Tuna, Switta Thai, 3820 Challenger Parkway – It is available only occasionally as a special, and I wish it was a permanent part of the menu. The marinated tuna was simply seasoned with salt, pepper and basil and seared, and beautifully paired with spicy green-curry fried rice and zesty Thai-seasoned fresh California vegetables.
Cookies, Bread Basket, Auburn – The cookies here were pretty much perfect – crunchy upon first bite, but the exterior gave way to a moist, soft center.
Cheesecake, Beach Bums, 620 W. Washington Center Road – This cake was so smooth, light and airy, it was hard to believe it was cheesecake. Topped with strawberries or chocolate, or both, it was heavenly.
Mango sticky rice, Switta Thai – My wife and kids go nuts for this stuff, and I dig it, too. The dish is simple but scrumptious with just mounds of the sweet, sticky rice and slices of perfectly ripe mango artfully displayed on a plate with coconut cream and a sweet, green, pandan leaf-based sauce, and the restaurant’s name stenciled in cinnamon and sugar.
No. 36 Caramel Crunch sundae, The White Cottage, Berne – Saltiness and nuttiness were a big part of this ice cream creation, which had creamy vanilla ice cream packed into a 12-ounce plastic cup with crunchy cashews, salty pretzel sticks, crumbled Heath candy bars and thick caramel nicely layered throughout. You will have to drive a bit farther south to get one now, however, as the Berne restaurant recently closed and is readying to reopen this month in Portland as The Cottage Grill and Creamery.
Ozzy’s crepes, Ozzy’s House of Pancakes, 4610 Coldwater Road – The three light, slightly chewy folded beauties in this dish were just a little brown around the edges, and inside each were chopped bananas and pecans. There were more bananas covering the top, along with chunks of pineapple and what must have been half a can of whipped cream. No syrup was needed, thanks to the cream and a drenching from the butter they were cooked in.
New to the scene
Acme Bar and Grill, 1105 E. State Blvd. – Great to see this legendary place resurrected, and to see it get such a beautiful and much-needed facelift in the process.
Five Guys Burgers and Fries, 801 Northcrest Shopping Center – Can you ever have too many good burger joints? I think not.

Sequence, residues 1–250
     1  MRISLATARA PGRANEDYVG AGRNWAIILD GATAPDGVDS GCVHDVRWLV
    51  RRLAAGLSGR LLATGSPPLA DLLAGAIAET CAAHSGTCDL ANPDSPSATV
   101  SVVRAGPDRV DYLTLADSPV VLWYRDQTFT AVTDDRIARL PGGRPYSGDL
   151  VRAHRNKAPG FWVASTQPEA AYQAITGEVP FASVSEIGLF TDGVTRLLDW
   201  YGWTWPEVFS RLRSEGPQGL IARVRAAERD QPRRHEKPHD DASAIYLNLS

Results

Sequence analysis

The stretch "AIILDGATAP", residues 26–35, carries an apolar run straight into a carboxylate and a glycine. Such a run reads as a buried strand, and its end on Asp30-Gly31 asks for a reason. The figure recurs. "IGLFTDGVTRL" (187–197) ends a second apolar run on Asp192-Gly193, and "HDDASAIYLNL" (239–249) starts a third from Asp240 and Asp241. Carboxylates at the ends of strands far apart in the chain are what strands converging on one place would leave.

McAlister’s Deli, 1310 Illinois Road – The popular chain is a perfect fit for the Jefferson Pointe area.
Maza Grille, 10812 Coldwater Road – Finally, someone is serving Mideastern cuisine in the Summit City and doing it well.
El Patron, 4541 Illinois Road – The second Mexican chain restaurant to give it a go in this spot – Hacienda was first – closed after a nearly three-year run.
Hardee’s, 6279 E. State Blvd. – I had a special little place in my heart for this fast-food chain. The big burgers they specialized in were about the worst thing you could eat health-wise, but man, were they tasty.
Yokohama, 918 Woodland Plaza Run – This Japanese restaurant, which was a staple on Coldwater Road for years, moved to Woodland Plaza near Pine Valley Shopping Center in 2006 and just sort of faded away.
Flapjack flops – In a city that seemingly can never have enough pancake houses, a couple of such places opened and closed in 2010 – Blueberry Hill, at 3710 E. State Blvd., and Norma’s Pancake House, 702 E. Dupont Road.
Lights out on Broadway – I had to include a place that didn’t go away for good but just moved away from its beautiful original location. Chappell’s Coral Grill left its original spot at 2723 Broadway and chose Covington Plaza as its new home. It was the second straight year a noted restaurant left Broadway in favor of the shopping center on West Jefferson Boulevard. Catablu was the first to pull up stakes. It made me sad to see these two leave their beautiful original homes.